The truth is, it is a superiorly designed 'good enough' product. That's the key—superior design. Being good enough is a huge opportunity as long as it has superior design. The iPad, iPhone, and MacBook Pro were far superior in design than anything on the market at the time, and this philosophy carried all the way down to the packaging. Sure, there are a host of reasons to be upset with how Apple handles things, and that may find you toting around your Droid, but the device you're holding didn't launch a thousand ships. The Apple product did.
What does this mean to you and me? Simple, it means—actually, just that, simple. I've been spending a lot of time looking for the next AV revolution in system management and control, and I know there are touchpanel makers out there, but none of them have what I feel is the next-generation solution born from the notion of superior design in a 'good enough' world with a direct tie-in to the BYOD phenomena.
Can you program a touchpanel to easily make video calls to other offices and directly dial into certain rooms? Sure, and if that IP changes at the far end for the codec? That means rolling a truck or logging in to make the change. Sure, that's revenue to me, but it should be easier than that. A system that uses an active directory to authenticate users and manages enterprise-level alterations without having to call the AV guy every time something changes would be nice, wouldn't it? Is there third-party software that does that? Yes. But why third party? Why isn't a company focusing on what really matters?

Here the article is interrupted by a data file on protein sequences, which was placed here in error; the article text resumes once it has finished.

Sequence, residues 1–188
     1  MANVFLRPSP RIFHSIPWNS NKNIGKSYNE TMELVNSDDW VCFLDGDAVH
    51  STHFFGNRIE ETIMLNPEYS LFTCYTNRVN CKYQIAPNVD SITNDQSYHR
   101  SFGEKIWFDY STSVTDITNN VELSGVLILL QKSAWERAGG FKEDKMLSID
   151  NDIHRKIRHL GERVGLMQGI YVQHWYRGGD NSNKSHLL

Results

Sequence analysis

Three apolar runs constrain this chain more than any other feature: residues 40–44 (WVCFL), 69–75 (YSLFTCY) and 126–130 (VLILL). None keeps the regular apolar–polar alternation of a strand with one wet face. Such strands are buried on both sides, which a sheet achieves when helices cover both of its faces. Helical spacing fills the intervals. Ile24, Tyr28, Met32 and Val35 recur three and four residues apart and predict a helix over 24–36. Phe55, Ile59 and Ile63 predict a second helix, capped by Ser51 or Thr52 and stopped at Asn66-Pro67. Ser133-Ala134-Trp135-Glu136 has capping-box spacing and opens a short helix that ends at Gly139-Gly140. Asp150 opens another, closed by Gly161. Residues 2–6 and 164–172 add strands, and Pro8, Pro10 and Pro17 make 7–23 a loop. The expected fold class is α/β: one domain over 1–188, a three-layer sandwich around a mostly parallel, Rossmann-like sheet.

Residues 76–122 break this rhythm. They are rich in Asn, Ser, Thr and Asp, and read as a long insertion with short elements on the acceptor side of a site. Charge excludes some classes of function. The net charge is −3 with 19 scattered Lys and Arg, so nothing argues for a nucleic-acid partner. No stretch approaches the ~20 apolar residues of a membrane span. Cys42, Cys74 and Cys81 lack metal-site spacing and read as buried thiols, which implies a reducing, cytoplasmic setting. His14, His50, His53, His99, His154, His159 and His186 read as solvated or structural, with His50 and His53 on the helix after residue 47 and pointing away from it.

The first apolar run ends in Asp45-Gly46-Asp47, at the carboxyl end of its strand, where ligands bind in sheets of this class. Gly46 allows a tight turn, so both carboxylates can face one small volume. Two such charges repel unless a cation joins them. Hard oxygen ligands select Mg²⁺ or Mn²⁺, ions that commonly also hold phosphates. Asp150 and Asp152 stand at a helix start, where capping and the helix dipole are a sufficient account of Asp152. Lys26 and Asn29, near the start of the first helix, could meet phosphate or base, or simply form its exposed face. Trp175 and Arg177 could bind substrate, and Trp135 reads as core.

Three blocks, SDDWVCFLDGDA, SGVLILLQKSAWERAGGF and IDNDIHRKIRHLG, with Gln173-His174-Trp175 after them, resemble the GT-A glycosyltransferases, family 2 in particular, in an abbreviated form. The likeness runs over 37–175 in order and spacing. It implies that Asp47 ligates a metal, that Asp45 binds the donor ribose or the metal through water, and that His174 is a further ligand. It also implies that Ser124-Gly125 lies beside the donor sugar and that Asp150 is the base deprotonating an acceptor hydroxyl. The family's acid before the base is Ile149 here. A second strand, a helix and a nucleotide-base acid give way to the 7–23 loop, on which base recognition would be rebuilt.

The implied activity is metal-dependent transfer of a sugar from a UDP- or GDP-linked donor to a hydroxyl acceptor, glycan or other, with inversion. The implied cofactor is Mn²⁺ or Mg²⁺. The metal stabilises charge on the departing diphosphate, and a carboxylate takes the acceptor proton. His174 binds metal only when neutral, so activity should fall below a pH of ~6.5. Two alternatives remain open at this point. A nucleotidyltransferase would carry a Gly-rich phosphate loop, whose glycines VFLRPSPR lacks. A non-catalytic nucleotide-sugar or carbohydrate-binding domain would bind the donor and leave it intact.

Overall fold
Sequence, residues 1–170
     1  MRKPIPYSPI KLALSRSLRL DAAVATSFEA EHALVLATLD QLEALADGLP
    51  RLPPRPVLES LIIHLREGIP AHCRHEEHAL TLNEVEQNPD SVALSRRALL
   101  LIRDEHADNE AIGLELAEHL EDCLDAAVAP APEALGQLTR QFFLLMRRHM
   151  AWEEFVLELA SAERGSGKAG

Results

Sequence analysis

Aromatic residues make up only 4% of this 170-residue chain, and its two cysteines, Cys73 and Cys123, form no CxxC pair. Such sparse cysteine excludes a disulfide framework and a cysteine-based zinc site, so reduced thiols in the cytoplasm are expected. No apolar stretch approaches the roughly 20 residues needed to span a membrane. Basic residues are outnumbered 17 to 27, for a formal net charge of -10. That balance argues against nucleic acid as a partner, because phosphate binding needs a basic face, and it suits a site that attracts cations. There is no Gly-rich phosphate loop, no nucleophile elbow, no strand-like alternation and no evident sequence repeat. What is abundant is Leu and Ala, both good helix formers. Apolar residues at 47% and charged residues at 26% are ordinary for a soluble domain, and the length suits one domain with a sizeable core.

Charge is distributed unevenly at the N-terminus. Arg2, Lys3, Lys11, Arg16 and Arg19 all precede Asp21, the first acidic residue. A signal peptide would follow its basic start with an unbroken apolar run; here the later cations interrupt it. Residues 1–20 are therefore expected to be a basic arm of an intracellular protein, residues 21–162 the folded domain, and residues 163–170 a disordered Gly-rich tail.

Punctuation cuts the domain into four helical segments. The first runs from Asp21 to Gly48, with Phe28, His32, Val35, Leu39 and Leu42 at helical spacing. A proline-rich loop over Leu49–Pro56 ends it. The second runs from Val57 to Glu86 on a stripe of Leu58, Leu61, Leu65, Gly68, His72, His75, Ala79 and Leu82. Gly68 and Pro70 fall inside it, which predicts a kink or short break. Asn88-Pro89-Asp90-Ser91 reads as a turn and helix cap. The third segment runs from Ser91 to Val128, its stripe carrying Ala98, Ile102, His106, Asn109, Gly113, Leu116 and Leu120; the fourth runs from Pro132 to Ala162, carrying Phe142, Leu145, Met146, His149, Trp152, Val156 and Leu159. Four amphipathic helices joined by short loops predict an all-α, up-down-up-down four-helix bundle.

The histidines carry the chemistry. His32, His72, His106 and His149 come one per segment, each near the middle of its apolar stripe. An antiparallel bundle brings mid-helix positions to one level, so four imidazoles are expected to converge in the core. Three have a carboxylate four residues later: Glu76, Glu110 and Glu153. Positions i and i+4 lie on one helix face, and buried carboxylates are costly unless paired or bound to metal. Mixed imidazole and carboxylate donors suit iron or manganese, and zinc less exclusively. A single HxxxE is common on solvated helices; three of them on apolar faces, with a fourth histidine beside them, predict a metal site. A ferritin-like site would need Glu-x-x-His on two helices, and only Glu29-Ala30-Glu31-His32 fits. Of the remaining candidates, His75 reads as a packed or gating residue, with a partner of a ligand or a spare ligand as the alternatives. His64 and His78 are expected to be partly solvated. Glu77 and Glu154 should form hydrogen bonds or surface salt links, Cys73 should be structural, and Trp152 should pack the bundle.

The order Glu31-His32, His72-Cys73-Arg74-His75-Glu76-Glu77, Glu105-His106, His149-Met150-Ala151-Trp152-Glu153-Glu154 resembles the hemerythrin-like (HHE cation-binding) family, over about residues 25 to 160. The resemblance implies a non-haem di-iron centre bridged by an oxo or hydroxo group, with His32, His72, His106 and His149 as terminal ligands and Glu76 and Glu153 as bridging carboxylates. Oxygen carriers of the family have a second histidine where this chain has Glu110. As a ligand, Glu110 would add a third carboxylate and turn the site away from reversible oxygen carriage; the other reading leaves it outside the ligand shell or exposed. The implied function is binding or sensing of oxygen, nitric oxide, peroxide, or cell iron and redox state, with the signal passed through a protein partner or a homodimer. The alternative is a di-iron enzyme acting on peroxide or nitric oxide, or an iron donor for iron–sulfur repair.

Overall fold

I challenge you to identify those companies who are paying attention and those who haven't gotten the wakeup call. How can this Apple-fueled revolution of design be used to help the AV industry evolve? It can start by simply swiping and using responsive systems and interfaces that are tied to the enterprise and work in the IT environment. We don't need bulky solutions with 1,000 functions when all people really want and can afford right now is 'good enough'. Leave your juggernaut at back at the office. It scares the kids.
For more than 25 years, Todd McCandless has been providing business technology solutions for small, middle market, and enterprise organizations with sales, marketing, strategy, operations, applications, and infrastructure. He is currently the general manager for the technology division of CI Select in St. Louis Missouri.